Species with "narrow" niches are thought to germinate over a narrow range of temperatures and this means that these species are the ones most likely to find a changed world difficult to deal with, particularly in the absence of dispersal. 


By contrast, species with "broader" niches have germination that occurs over a greater range (i.e. the mean has a large standard deviation around it). Hence, if we identify species which possess narrow temperature germination ranges, we may be able to identify those species more susceptible to rapid environmental change.


Seems simple - develop a screening protocol, use a temperature gradient plate to quickly assess germination niche breadth for a large number of species, and identify species with narrow versus broad temperature germination sensitivity.

Niches are, by definition, where R>0 (i.e. births>deaths, regardless of performance). Where R=0, the edge of the niche has been reached, and where R<0, we are outside of the niche. Hence, when assessing seed germination versus temperature, the "optimum" temperature for germination is not actually the most important component of the niche but rather, what happens at the temperature extremes is much more important - identifying whether these species have temperatures where germination is zero defines niche space better than optimums. This is rarely done in most germination studies, partly because scientists are limited in the number of germination cabinets they can use to assess sensivity to temperature at any one time. In my case, I have access to about five growth cabinets. Hence, the value of the temperature gradient plate to assess a large range of temperatures simultaneously!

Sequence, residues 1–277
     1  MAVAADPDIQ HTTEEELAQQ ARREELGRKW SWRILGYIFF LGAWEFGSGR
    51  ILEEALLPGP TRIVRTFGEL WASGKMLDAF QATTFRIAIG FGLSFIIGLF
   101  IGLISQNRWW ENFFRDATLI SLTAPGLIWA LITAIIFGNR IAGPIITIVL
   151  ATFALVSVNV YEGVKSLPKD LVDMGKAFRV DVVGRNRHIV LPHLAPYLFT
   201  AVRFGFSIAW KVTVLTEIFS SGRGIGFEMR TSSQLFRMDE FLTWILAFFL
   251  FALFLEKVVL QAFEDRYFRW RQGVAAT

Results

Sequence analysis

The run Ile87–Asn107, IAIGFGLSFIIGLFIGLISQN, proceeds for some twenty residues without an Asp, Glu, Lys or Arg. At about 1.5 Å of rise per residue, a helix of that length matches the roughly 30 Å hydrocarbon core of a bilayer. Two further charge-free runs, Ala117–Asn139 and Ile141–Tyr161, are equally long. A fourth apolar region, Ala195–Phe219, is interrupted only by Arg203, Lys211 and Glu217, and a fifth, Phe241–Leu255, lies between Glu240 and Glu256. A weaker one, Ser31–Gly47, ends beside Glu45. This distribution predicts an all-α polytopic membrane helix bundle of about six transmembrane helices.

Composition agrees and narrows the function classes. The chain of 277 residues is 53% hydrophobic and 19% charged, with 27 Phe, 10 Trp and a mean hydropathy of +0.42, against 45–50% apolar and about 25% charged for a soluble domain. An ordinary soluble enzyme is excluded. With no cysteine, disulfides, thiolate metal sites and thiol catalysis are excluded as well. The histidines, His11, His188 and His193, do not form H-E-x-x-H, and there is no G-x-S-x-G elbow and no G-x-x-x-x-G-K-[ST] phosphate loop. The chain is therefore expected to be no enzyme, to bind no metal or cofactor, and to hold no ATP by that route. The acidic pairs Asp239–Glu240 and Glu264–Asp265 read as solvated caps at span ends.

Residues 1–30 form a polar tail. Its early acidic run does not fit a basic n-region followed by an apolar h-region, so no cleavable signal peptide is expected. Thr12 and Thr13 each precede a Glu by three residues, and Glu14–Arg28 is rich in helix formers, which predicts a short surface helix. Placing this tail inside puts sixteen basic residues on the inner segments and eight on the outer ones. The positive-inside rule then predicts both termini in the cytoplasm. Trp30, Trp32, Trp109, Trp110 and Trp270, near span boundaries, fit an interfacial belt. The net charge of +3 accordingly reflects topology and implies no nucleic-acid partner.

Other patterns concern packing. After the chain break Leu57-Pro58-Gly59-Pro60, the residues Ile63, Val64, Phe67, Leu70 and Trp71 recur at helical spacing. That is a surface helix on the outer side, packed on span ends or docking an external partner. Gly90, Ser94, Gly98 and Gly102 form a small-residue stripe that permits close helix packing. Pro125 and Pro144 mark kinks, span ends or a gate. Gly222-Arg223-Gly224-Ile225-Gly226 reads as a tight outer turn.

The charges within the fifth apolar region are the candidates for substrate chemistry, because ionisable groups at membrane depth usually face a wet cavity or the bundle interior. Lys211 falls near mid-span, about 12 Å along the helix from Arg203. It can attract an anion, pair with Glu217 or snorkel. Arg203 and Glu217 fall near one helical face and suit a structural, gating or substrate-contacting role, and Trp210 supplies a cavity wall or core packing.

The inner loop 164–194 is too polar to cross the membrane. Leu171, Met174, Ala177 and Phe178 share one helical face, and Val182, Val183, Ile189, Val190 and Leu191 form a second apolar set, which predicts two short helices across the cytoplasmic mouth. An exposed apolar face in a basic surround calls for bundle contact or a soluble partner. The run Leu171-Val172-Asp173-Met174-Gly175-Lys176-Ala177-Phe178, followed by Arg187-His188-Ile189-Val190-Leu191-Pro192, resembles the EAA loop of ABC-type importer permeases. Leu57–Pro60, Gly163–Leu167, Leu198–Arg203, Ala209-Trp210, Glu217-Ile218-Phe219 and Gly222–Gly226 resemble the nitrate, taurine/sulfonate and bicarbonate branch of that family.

Temperature Gradient Plate - capable of 192 temperature combinations!


At the edges of the temperature range for germination is where niche expansion is most likely. New sink populations are much more likely to develop from source populations from individuals at the extremes of the niche space (as defined by temperatures) than from optimums. Hence, whilst we might find that species germinate less well at higher (or lower) temperatures than some optimum, the interpretation about temperature extremes for germination should take on more than just statistical significance to us; germination at these extremes of the temperature range is the raw material for future niche expansions. Most authors tend to ignore this and still focus on identifying optimum germination temperatures.

Two papers recently caught my eye and serve as good examples of how we might study fundamental germination processes to help understand potential responses to climate change. The paper by Ooi et al (2009)
Climate change and bet-hedging: interactions between increased soil temperatures and seed bank persistence is one of the few I have seen that explicitly tests whether warmer soils will have implications for germination and the persistence of soil seed banks. It's worth reading if you're interested in how plant population processes underpin responses to climate change. You should also check out the excellent paper by Cochrane et al. (2011) on germination in restricted rocky outcrop species from Western Australia as a good example of narrow versus broad germination strategies, and what this might mean for responding to a warmer world.

Saturday, 16 June 2012

Recent improvements to native grassland conservation

Native grasslands are one of the most endangered ecosystems in Australia. More than a century of agricultural use, coupled with increasing urbanization, has reduced these once abundant ecosystems on fertile soils to distinct rarities. In some areas, much less than 1% of the original system persists.